October 14, 2012

John's Album of the Week: Everlast "Eat at Whitey's"

Guest post by John Ross

Holy crap was 1998 a bad year for music. Aerosmith and Celine Dion ruled the charts with their movie ballads "I Don't Wanna Miss a Thing" and "My Heart Will Go On" respectively, and bands like the Goo Goo Dolls and Matchbox 20 were making washed-out radio-friendly pablum for the masses with songs like "Iris" and "3am". Amongst this dreck, a single was released from the lead rapper of Hip-Hop band House of Pain - a band mainly known for being Irish white-boy rappers who had a couple of hits with "Jump Around" and "Shamrocks and Shenanigans". The single by Everlast (nĂ© Erik Francis Schrody) was called "What It's Like" from his second solo album (and first since the breakup of House of Pain) WHITEY FORD SINGS THE BLUES. It showcased a different side of the musician, singing with a well worn but tuneful voice, he sang three tales of impoverished people and how we should not judge until we've walked a mile in their shoes; the next single, "Ends", showcased a similar sensibility. WHITEY FORD SINGS THE BLUES exposed Everlast's new hybrid sound to the modern rock and Alternative scene, leading to a collaboration and a Grammy win with Carlos Santana for their song "Put Your Lights On" from Satana's blockbuster album SUPERNATURAL.


Fresh off his Grammy win, Everlast released his 2000 album EAT AT WHITEY'S. The album furthered Everlast's experimentations in genre-mashing, incorporating Hip-Hop, Neo Soul, Folk, Blues, and even elements of Drum 'n' Bass and Progressive Rock (the last two in the same song, a second Santana joint "Babylon Feeling"). Everlast brought in numerous guest collaborators including Merry Clayton (of "Gimmie Shelter" fame) singing harmonies on the track "Black Coffee", N'Dea Davenport on the contemplative "Love for Real" and "One and the Same", Hip-Hop artists Kurupt and B-Real (Cypress Hill) on the tracks "One, Two" and "Deadly Assassins" amongst others (Cee-Lo, Rahzel, Warren Haynes). Music that mashed up genres were nothing new at the turn of the millennium, nor were Hip-Hop artists crossing over into the "Alternative" scene (Everlast's old band mate from House of Pain, D.J. Lethal, was a member of chart-topping Rap Metal band Limp Bizkit), yet there was something about Everlast's soulful baritone that sucked me into this album and gave it a cohesiveness that many other genre-mashers were missing. Everlast, who suffered a major heart attack during the making of WHITEY FORD SINGS THE BLUES, sounds like he's singing for redemption on this album; the songs follow themes of lost love, mistakes made and paths not chosen, as well as continuing the pleas of understanding for societies underprivileged that he started on the previous album's singles. This album had a major effect on me and if I were ever to make a list of my favorite album of the aughts, it would surely be near the top. I passed along some of the more soul-infused tracks off this album to my dad who was curious after hearing his collaborations with Satana and he has become a fan as well.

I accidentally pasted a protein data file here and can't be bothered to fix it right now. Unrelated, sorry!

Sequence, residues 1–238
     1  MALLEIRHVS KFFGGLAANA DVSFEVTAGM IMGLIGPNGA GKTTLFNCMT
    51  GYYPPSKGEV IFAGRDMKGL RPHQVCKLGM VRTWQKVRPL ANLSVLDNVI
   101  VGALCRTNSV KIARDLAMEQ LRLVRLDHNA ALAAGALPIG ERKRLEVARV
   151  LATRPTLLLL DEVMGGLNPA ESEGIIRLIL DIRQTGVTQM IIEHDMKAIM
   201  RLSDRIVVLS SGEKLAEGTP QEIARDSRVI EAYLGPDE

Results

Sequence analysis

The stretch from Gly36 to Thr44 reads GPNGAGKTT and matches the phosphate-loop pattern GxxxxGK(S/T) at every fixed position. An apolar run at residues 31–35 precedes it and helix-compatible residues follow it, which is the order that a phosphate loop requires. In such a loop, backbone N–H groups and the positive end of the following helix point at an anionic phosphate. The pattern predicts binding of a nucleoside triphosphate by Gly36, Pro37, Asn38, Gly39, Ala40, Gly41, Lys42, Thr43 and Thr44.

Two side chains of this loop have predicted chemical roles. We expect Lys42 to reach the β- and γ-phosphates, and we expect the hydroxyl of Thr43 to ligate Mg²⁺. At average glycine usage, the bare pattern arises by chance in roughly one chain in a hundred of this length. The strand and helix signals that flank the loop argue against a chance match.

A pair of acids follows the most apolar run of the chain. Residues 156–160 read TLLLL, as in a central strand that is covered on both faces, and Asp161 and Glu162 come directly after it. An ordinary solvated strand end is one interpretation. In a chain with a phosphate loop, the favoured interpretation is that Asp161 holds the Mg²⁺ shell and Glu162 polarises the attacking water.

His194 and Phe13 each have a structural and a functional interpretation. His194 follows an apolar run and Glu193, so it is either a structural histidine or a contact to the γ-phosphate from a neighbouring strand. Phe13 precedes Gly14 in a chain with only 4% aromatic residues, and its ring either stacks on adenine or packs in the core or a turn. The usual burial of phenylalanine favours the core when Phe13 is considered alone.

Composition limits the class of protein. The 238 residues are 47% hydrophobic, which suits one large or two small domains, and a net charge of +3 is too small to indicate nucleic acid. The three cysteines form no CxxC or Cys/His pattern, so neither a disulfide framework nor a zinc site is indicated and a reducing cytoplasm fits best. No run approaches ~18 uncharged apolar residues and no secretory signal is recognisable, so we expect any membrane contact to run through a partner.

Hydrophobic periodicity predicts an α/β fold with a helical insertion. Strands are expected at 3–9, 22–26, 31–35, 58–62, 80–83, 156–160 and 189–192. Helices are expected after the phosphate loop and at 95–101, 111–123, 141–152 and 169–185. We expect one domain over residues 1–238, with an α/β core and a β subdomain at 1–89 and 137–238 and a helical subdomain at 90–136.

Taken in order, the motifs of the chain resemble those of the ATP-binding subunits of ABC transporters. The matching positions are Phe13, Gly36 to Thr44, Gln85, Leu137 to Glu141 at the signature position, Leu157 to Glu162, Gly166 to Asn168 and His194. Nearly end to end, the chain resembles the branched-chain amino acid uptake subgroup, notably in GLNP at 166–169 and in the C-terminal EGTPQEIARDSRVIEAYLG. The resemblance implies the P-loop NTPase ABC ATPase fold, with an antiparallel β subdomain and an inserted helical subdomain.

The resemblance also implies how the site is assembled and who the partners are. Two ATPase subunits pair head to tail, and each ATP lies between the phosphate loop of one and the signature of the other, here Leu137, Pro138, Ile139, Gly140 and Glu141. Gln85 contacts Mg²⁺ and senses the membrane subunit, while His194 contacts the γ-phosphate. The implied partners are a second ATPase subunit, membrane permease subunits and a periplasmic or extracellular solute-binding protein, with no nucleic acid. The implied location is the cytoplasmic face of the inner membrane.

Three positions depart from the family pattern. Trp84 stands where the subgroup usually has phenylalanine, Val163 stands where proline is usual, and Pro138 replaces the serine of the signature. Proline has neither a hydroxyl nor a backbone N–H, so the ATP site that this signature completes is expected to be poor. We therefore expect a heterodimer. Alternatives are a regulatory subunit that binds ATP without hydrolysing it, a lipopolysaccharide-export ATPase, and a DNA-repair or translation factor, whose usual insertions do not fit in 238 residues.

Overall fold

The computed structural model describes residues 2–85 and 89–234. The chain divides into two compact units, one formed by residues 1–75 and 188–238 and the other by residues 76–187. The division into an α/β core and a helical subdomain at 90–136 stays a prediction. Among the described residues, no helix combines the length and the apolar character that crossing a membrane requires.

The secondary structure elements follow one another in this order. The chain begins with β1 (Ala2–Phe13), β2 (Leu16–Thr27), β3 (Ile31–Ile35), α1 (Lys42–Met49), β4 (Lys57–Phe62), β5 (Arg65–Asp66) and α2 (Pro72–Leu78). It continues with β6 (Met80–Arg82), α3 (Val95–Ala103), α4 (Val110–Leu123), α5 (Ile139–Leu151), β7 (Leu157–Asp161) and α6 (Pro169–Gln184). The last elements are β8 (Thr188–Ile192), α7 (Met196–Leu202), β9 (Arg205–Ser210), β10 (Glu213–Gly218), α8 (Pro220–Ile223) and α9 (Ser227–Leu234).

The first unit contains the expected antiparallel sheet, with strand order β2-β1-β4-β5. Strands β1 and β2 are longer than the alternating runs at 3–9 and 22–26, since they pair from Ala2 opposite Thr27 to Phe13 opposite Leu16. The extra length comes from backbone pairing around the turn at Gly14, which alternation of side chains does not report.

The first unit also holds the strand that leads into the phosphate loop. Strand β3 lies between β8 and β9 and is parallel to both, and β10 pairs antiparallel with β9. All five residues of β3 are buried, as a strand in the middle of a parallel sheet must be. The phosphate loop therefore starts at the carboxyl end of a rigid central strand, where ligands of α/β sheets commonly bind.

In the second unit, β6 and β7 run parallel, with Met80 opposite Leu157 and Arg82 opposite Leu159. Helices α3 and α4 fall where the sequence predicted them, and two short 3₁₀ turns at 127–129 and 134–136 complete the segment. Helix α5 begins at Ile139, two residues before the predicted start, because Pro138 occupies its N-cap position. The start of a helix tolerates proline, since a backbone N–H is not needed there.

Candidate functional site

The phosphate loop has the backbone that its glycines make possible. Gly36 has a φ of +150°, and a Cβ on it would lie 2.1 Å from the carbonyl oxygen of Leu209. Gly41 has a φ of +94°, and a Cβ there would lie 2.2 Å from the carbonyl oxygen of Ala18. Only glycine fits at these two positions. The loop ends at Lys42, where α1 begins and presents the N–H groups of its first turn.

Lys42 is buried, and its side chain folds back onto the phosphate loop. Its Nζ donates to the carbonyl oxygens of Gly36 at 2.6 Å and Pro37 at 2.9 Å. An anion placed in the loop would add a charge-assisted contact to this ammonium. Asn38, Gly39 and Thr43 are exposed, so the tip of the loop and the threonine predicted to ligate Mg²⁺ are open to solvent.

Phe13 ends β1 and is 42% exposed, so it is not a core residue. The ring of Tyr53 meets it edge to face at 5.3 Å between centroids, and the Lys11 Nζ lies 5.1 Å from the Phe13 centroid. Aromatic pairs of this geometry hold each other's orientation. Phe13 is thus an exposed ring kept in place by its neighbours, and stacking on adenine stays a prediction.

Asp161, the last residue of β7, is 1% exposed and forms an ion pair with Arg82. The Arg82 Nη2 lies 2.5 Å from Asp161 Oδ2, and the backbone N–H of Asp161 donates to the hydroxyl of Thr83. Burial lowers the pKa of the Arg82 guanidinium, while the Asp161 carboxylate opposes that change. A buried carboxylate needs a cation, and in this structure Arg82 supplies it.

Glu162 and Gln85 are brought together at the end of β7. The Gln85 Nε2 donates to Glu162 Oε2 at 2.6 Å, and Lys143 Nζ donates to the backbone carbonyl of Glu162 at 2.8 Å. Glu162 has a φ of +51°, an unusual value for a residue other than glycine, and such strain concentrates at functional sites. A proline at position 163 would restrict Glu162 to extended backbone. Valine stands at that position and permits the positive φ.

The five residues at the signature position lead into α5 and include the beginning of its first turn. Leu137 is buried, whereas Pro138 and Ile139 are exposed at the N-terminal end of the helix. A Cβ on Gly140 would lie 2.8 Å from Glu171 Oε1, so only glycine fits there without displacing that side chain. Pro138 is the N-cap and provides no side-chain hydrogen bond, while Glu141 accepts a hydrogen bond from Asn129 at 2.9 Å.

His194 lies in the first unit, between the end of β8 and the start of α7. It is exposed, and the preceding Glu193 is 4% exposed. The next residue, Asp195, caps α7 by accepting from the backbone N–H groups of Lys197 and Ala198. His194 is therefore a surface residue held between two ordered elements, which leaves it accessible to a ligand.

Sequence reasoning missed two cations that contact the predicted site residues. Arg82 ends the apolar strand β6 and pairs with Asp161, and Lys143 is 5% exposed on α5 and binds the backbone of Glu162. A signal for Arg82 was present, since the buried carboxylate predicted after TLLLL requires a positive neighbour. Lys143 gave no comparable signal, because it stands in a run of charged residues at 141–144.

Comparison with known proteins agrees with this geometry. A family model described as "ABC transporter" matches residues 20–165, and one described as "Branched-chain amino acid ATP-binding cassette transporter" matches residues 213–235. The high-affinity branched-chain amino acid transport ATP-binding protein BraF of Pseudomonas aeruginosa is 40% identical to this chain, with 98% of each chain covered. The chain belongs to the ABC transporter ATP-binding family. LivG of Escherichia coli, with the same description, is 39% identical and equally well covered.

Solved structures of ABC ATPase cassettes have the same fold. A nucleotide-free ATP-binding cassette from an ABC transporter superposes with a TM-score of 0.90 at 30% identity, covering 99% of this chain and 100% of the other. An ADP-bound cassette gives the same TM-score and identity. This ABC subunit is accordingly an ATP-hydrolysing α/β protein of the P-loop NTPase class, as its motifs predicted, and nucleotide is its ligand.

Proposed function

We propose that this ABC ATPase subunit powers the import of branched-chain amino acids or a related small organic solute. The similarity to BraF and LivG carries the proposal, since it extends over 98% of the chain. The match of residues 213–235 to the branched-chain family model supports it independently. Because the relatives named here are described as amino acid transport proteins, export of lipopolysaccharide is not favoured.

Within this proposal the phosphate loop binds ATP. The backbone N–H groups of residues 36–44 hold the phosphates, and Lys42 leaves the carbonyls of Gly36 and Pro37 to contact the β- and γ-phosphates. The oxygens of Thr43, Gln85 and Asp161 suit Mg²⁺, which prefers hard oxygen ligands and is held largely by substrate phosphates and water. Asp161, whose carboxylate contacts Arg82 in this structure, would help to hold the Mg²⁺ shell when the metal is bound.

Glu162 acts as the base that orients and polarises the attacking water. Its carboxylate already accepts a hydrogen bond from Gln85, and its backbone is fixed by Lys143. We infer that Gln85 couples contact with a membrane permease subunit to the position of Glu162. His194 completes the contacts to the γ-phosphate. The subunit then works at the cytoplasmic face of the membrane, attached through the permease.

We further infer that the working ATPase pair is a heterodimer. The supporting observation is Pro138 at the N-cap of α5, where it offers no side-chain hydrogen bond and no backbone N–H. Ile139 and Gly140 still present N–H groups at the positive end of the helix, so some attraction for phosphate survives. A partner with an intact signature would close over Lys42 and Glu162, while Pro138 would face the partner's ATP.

Everlast continued his urban troubadour persona on the 2004 album WHITE TRASH BEAUTIFUL,  2008's  LOVE, WAR AND THE GHOST OF WHITEY FORD and the 2011 "Occupy movement"-tinged SONGS OF THE UNGRATEFUL LIVING. None of these albums hit me quite as hard as EAT AT WHITEY'S, but all have things to recommend them. If you're looking for something of an underrated album with contemplative and soulful songs you could do worse then this album.

Choice cut: "Love for Real"


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